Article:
Gates Could Endorse Repealing Don’t Ask, Don’t Tell This Year With A Delayed-Implementation Strategy
"Gates Could Endorse Repealing Don’t Ask, Don’t Tell This Year With A Delayed-Implementation Strategy"
The Advocate’s Kerry Eleveld is reporting that the White House, Defense Secretary Robert Gates, and gay activists have reached an agreement to support legislation that would repeal Don’t Ask, Don’t Tell (DADT) this year, but delay implementation until President Obama, Gates, and Joint Chiefs of Staff Chairman Mike Mullen certify the results of a year-long Pentagon review scheduled to be released in December:
According to one person familiar with the White House meeting, the proposal that is being considered would repeal the current statute this year, but implementation of repeal would not take place until after completion of the Pentagon’s working group study in December. Further, repeal would require certification from President Barack Obama, Secretary of Defense Robert Gates, and Joint Chiefs Chair Admiral Mike Mullen that the new law will not have a negative impact on readiness, recruitment, retention and other key factors that affect the military.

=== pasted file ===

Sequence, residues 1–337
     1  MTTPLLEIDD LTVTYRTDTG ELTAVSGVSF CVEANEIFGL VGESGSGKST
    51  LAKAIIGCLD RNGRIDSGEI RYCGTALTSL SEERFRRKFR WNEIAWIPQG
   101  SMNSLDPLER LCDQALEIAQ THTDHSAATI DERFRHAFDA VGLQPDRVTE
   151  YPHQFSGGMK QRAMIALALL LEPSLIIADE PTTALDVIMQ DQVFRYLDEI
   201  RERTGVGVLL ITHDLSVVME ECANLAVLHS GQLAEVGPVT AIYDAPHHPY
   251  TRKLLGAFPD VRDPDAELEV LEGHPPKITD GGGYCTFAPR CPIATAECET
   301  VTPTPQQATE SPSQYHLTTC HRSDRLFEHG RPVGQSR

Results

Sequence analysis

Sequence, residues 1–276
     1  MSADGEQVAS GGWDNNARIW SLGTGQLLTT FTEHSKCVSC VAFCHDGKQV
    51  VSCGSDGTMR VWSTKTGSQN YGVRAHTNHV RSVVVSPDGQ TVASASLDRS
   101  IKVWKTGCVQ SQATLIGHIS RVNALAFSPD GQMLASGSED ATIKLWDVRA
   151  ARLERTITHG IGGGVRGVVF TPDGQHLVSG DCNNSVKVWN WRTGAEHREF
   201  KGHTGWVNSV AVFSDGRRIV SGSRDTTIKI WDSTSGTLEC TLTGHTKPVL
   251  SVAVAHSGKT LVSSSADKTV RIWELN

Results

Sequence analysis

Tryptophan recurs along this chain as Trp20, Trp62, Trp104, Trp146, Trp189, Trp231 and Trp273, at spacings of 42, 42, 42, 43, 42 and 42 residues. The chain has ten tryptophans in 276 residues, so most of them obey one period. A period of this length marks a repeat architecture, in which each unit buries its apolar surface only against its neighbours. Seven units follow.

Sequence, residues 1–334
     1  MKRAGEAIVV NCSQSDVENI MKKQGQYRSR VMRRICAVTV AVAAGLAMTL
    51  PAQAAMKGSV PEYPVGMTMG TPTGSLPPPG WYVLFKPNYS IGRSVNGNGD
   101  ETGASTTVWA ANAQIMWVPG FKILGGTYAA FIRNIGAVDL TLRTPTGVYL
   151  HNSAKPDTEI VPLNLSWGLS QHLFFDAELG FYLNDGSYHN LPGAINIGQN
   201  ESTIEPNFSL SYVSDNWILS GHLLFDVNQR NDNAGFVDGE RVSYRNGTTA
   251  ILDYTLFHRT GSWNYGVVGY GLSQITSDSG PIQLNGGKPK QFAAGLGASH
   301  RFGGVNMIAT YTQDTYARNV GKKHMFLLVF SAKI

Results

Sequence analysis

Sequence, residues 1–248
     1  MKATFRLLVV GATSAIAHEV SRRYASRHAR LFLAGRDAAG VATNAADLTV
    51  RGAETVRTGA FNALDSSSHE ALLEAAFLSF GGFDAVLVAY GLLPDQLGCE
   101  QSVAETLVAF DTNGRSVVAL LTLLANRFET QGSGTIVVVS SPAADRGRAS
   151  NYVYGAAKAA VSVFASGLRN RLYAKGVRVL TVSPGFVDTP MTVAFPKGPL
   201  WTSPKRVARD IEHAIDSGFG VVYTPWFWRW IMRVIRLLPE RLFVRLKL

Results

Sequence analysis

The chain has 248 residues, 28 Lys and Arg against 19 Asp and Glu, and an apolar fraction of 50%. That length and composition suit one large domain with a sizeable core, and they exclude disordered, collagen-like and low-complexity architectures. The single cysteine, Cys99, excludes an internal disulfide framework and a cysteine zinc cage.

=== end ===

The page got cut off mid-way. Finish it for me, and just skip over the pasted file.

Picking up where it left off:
The language would not include a nondiscrimination policy but rather will return authority for open service by gays and lesbians back to the Pentagon.
Activists hope that Gates’ support for the new strategy — he has previously warned Congress against repealing the ban before the military completed its review — could win over enough moderate Democrats and Republicans (Sen. Scott Brown (R-MA) is said to be “neutral” on the issue but “moving in the right direction“) on the Senate Armed Services Committee to attach the provision to the defense authorization bill in the Senate Armed Services Committee. That vote, along with a vote on repeal in the House, are tentatively scheduled for Thursday.
Once Obama, Gates, and Mullen certify the results of the Pentagon study late this year or early next year, the legislation will trigger repeal and institute a new non-discrimination policy. Ironically, when the United States adopted ‘Don’t Ask, Don’t Tell’ in October of 1993, lawmakers relied on a similar strategy, passing the policy in Congress before the Pentagon issued rules on how to implement it.
Asked about the negotiations during today’s press briefing, Robert Gibbs said, “Obviously it’s likely that Congress is going to act this week. If they decide to do that, we’ll certainly examine what those efforts are.” Gibbs also suggested that the White House had called the meeting.